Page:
Friday, 23 February, 2024

09 Dec 2022 | Australasian Dental Practice

news > Briefs > Page 28

Another day, another data breach: How NOT to become the next Medibank Private…

I've been spending a big chunk of my time over the last few weeks talking to practices who are scared to death of the potential risks from cyber attacks and rightfully so, considering these days it's not a matter of if, but when.


Some of the classic responses I get when talking about security with clients range from a complete understanding of what they need to do to achieve their goals down to a completely opposite nonchalant attitude of "she'll be right"...

  1. Hackers aren't interested in our little practice…
    BUT THEY ARE!
    It's easier to compromise 1000 smaller businesses then it is to hit one big one; if only 10% of those pay a ransom of $10,000 then that's a million dollars right there.
  2. Securing our network is too expensive...
    It's not too expensive. In the current landscape, especially with the Optus and Medibank Private breaches recently, we're going to see government agencies start to really come down on businesses that are compromised and have been negligent in securing their networks.
  3. I don't need all this security mumbo jumbo!
    You absolutely need this security mumbo jumbo.
  4. I have good backups, I'll be fine...
    That's great, however do you want to be fined if you do have a data breach?

But let's look at it from a different angle because a fine is only money.

How do you recover from the reputational damage that is caused when you have to tell all your patients that their personal and medical data has been breached and possibly out on the dark web to be sold to the highest bidder?

Cost is a big factor in a lot of the decisions that are made in regards to protection but considering the reputational damage that can be caused by a breach and losses due to downtime, it shouldn't be, provided you're investing in the right security "stack" to minimise your exposure in line with your goals.

So what should an ideal security stack look like?

Managed services

Managed services are the cornerstone of any good solution. They will usually include some form of support, anti-virus and "patch" management along with a proactive approach to looking at your hardware to minimise downtime.

HOWEVER, not all managed service plans are created equally; an ideal plan will include more than just antivirus and patch management; ideally they will be working to get your practice to an "Essential Eight" maturity level and include things like ransomware protection, persistent foothold protection and a good quality cloud backup solution.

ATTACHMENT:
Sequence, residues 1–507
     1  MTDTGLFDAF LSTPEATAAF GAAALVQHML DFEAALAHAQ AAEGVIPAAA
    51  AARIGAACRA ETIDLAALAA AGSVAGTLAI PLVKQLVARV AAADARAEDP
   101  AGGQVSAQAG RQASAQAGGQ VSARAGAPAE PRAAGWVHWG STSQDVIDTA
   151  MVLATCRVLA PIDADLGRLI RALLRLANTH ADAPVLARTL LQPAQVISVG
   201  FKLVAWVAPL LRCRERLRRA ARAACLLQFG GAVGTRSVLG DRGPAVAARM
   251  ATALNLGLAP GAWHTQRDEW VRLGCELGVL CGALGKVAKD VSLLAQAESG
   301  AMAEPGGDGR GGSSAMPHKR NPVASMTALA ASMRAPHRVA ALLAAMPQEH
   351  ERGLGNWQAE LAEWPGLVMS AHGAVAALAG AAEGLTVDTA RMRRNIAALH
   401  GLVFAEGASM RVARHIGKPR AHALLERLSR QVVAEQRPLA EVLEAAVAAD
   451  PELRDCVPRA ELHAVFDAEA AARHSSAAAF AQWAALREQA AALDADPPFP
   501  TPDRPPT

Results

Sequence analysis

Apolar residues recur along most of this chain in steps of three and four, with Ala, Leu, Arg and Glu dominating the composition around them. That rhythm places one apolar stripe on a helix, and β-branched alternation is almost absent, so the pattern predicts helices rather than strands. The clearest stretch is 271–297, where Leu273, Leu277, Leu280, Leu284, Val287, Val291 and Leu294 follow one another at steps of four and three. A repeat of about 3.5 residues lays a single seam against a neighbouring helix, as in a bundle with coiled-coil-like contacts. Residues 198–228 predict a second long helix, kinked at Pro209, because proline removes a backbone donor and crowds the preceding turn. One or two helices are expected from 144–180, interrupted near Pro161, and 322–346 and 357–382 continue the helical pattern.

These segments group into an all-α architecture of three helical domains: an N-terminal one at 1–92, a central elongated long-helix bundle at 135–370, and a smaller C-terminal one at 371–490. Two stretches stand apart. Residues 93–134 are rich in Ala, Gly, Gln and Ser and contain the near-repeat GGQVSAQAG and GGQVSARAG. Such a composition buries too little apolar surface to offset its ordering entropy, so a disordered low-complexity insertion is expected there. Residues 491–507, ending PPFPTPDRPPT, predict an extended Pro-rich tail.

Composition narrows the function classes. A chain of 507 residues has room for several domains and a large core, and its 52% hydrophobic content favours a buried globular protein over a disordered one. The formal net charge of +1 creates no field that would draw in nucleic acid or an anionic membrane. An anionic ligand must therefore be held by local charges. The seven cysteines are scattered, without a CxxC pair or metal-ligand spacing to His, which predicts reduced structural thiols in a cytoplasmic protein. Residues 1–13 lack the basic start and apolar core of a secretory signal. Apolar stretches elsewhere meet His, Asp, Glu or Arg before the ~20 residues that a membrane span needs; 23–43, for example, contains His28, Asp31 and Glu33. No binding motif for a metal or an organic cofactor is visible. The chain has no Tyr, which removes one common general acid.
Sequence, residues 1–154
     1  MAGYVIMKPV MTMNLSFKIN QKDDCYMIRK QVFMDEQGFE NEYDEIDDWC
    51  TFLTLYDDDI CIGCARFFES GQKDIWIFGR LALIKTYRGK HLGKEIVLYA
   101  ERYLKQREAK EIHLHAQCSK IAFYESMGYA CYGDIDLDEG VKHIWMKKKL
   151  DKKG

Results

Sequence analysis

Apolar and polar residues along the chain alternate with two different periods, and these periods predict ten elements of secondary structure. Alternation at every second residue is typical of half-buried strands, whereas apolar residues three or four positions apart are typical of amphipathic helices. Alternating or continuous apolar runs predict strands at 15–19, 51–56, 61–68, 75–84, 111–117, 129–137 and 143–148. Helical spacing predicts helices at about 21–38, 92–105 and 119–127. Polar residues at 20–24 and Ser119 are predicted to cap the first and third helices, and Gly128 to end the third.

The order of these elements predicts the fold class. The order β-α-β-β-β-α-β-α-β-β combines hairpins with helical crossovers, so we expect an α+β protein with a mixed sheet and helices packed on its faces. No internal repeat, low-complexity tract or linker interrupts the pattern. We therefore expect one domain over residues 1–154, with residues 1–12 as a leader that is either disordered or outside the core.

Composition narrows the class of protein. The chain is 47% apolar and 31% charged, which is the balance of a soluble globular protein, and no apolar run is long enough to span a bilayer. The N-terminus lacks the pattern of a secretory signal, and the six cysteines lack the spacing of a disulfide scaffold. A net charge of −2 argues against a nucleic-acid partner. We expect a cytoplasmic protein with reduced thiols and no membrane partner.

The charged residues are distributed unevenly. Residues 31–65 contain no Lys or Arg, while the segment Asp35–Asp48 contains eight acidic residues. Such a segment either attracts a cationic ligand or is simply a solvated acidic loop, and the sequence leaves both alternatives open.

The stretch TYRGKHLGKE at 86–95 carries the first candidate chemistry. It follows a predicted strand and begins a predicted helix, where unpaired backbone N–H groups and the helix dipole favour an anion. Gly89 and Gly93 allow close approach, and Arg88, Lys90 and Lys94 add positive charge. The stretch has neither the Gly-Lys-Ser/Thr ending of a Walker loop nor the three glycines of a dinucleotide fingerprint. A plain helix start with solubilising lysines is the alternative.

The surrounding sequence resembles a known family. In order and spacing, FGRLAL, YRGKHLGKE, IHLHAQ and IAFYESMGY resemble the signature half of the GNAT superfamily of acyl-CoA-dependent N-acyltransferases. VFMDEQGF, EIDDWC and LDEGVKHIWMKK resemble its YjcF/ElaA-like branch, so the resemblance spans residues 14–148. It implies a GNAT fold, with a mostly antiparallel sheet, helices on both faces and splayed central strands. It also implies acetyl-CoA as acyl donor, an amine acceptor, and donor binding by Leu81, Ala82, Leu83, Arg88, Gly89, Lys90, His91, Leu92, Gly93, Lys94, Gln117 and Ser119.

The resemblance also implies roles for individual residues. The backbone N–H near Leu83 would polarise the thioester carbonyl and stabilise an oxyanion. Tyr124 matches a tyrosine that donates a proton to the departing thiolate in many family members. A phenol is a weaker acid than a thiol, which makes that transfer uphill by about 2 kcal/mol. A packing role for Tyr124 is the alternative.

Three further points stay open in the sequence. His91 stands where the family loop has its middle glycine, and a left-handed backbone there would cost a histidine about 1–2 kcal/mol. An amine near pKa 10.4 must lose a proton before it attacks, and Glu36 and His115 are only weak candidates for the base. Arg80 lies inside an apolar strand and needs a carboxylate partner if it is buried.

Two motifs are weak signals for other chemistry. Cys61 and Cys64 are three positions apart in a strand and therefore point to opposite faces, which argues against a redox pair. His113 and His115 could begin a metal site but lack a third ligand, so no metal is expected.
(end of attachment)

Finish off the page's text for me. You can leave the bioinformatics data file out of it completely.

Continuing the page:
We often put our security stack on to the networks of new clients only to find them riddled with viruses, malware and RATs.

Next-Gen firewalls

Your firewall is the equivalent of building a massive brick wall on the internet connection to your practice. Now as effective as a brick wall is at stopping things, we come across the problem of also needing to let things through it.

So we decide to put a door in the brick wall. This allows things to go through it, but now we have the problem where things are coming through it unchecked, so like a nightclub, we need a bouncer.

Although I think most of us have had a good night ruined by a bouncer at a nightclub at some point, a good one will only let in people that aren't there to ruin the party and keep out the riff-raff.

A good Next-Gen firewall will have a bouncer that checks what is going through it using live cloud databases and also study the behaviour of what that traffic is trying to do.

We recently had a discussion with a practice who pulled out one of the cheapest modems on the market and pointed to the part where it said "firewall".

Yes, it has a firewall function included, but it is only a basic brick wall with a door in it and no bouncer–basically completely ineffective and this is what we come across every day. If you have a modem provided by your internet provider, it is ineffective to protect you against pretty much everything.

At Teamwork, we recommend Cisco Meraki firewalls as they're fully cloud managed and provide one of the best levels of security for your network.

In addition to this, they will actually alert you if something is not right, for example if your internet goes down or if you have a device on your network that is doing something odd.

Spam protection

Spam is one of the key vectors of attack for any business, not just dental. By stopping the majority of spam from hitting your network, you not only increase productivity but also plug one of the biggest security holes for your practice.

Spam protection is quite inexpensive these days and using a third party such as Mailguard will not just give you industry leading protection but insights in to how much junk mail you're actually receiving, just by looking at their daily reports.

So what does it all cost to protect a five computer practice at this level?

Realistically, upfront, a good network firewall is around $2000-$3000 installed with a three year licence with all the bells and whistles.

As for the ongoing costs for the managed services and spam protection, the industry average should be around $500-$700 a month depending on the IT provider you use and the overall level of security and value they provide.

Whilst this may not be the be all and end all of your security stack, they definitely give you a great foundation to elevate the security of your network and significantly reduce your attack surface.

We believe practices should learn and understand what security they require and how it works for them.

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